Theodore's World: France To Send 400 Troops To Lebanon

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August 18, 2006

France To Send 400 Troops To Lebanon

Bangladesh and France offers troops for Lebanon

UNITED NATIONS - Nearly 50 countries that could contribute the 13,000 new troops needed to expand the U.N. peacekeeping force in Lebanon met Thursday amid concern over the ground rules and firepower the soldiers could use.

Bangladesh pledged up to 2,000 troops and France offered 200, a disappointment to some who expected more from the country likely to lead the force.

In an opening speech, Deputy Secretary-General Mark Malloch Brown said at least 3,500 troops are needed to deploy within 10 days to expand the 2,000-strong U.N. force trying to help maintain an uneasy truce between Israel and Hezbollah militants.

"Every moment we delay is a moment of risk that the fighting could re-erupt," he said.

Malloch Brown told diplomats from the 49 countries invited to the meeting that details on how the expanded force will operate and the rules of engagement will make clear that "this will be a strong, robust force, equipped and authorized to take all necessary action in its key tasks."

The U.N. resolution that led to Monday's cease-fire between Israel and Hezbollah after a brutal 34-day war authorized up to 15,000 U.N. peacekeepers to help 15,000 Lebanese troops extend their authority throughout south Lebanon, which Hezbollah controls, as Israeli troops withdraw. The aim is to create a buffer zone free of Hezbollah fighters between the Litani River and the U.N.-drawn border, about 18 miles to the south.

Malloch Brown said the draft rules of engagement call for the use of force to prevent hostile activities in the buffer zone and to resist attempts to prevent the U.N. force, known as UNIFIL, from discharging its duties. The rules also allow UNIFIL to use force in assisting the Lebanese government if asked to secure its borders to prevent foreign forces, weapons and ammunition from entering the country, he said.

France and Italy said earlier Thursday that the peacekeeping mandate — partly written by the French — is not explicit enough, and demanded the U.N. set clear rules of engagement for troops that would bolster the force. A key concern, not mentioned by Malloch Brown, is whether the force will be called on to disarm Hezbollah fighters, as called for in a September 2004 U.N. resolution.

Even though the Israel withdrawal and handover to U.N. forces has gone well thus far, some potential contributors are believed to be concerned about avoiding confrontation with Hezbollah or being caught in the middle of a future conflict. Germany — uneasy given its Nazi past of any possible military confrontation with Israeli soldiers — said it wouldn't send any but is expected to provide logistical support.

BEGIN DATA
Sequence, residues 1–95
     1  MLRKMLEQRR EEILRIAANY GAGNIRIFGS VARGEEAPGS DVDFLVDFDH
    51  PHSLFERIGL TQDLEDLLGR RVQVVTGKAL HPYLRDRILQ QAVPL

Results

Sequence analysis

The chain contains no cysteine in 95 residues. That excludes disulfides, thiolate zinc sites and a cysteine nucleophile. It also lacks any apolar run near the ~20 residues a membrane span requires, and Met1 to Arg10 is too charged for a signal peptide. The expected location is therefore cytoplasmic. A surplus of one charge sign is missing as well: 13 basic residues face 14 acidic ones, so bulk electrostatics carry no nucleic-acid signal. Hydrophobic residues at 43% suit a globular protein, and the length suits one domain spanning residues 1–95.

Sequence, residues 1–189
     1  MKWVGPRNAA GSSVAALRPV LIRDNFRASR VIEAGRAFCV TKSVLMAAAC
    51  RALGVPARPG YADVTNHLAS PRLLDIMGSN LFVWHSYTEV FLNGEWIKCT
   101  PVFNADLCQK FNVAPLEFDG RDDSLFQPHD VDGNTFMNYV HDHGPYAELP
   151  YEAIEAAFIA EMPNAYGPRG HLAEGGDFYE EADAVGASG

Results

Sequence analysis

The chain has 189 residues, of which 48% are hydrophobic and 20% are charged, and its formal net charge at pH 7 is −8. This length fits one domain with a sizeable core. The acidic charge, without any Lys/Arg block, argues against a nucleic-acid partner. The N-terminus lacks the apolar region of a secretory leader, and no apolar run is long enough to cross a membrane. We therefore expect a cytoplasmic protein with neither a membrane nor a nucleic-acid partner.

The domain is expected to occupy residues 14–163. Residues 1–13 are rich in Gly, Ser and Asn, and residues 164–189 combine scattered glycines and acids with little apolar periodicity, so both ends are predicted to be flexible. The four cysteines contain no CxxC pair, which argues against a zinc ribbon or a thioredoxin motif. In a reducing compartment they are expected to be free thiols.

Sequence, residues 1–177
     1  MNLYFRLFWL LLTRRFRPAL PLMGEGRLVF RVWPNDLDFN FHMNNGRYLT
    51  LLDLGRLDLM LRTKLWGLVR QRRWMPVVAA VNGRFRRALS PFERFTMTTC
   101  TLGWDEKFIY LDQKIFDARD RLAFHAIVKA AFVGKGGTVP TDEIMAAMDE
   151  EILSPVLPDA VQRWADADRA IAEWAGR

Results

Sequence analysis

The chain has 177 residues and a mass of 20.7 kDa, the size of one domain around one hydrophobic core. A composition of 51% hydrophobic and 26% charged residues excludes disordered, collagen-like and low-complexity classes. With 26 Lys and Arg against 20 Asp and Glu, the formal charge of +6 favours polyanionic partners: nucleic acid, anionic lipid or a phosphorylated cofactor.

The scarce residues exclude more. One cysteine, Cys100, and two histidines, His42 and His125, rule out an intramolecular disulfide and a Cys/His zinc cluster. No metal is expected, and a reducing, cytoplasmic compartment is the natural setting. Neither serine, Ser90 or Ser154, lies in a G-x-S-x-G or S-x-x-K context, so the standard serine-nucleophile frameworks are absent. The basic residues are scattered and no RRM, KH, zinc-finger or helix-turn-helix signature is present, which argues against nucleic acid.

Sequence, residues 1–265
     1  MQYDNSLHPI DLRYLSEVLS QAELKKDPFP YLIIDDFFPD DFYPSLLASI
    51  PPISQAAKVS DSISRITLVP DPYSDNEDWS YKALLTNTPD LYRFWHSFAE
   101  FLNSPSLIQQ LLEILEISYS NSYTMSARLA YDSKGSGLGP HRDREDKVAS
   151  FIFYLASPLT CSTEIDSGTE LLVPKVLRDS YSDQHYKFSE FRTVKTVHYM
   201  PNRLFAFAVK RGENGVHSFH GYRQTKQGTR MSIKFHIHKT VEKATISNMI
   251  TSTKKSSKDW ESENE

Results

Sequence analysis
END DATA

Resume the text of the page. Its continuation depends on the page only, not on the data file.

Italy has said it could quickly send as many as 3,000 soldiers — up from its current contribution of about 50 — but Italian Prime Minister Romano Prodi's office said that he was pushing for explicit ground rules. In a telephone conversation late Wednesday with U.N. Secretary-General Kofi Annan, Prodi called for "a clear mandate, without any ambiguity and with very precise rules of engagement, for the soldiers who will be deployed," the premier's office said.

President Jacques Chirac announced Thursday that France will immediately double to 400 troops its contingent in the U.N. peacekeeping force in Lebanon.

The statement from Chirac's office came after he spoke by phone with U.N. Secretary-General Kofi Annan. France currently leads the UNIFIL force in southern Lebanon, and its decision-making on its role in a strengthened force has been closely watched.

Chirac told Annan that France "will immediately double its current contribution by sending 200 men," the statement said.

The plan will be presented at a U.N. meeting in New York later Thursday to flesh out which countries will participate in the peacekeeping force as it expands from the current 2,000 troops to as many as 15,000, Chirac's office said.

Wild Thing's comment......

That's almost enough cooks for the fighting men who need to be stationed there. Hey maybe they can teach Hezbollah how to surrender.

Posted by Wild Thing at August 18, 2006 01:55 AM


400 'men', how magnanimous Jaques Chirac!!! This must be the limit imposed on France by Vladimir Putin. Vlad doesn't want them underfoot of the Hezbollah either. Somehow I think the world would be better off without the Frog invasion and there's no oil for food incentive in Lebanon, yet!!!

Posted by: Jack at August 18, 2006 11:39 AM

Jack your right, no oil for food incentives there at all. haha

Posted by: Wild Thing at August 18, 2006 01:51 PM


Posted by: Tincan Sailor at August 19, 2006 10:15 AM

Tincan Sailor hahaha never fired and dropped only once. heh heh Good one!

Posted by: Wild Thing at August 19, 2006 10:57 AM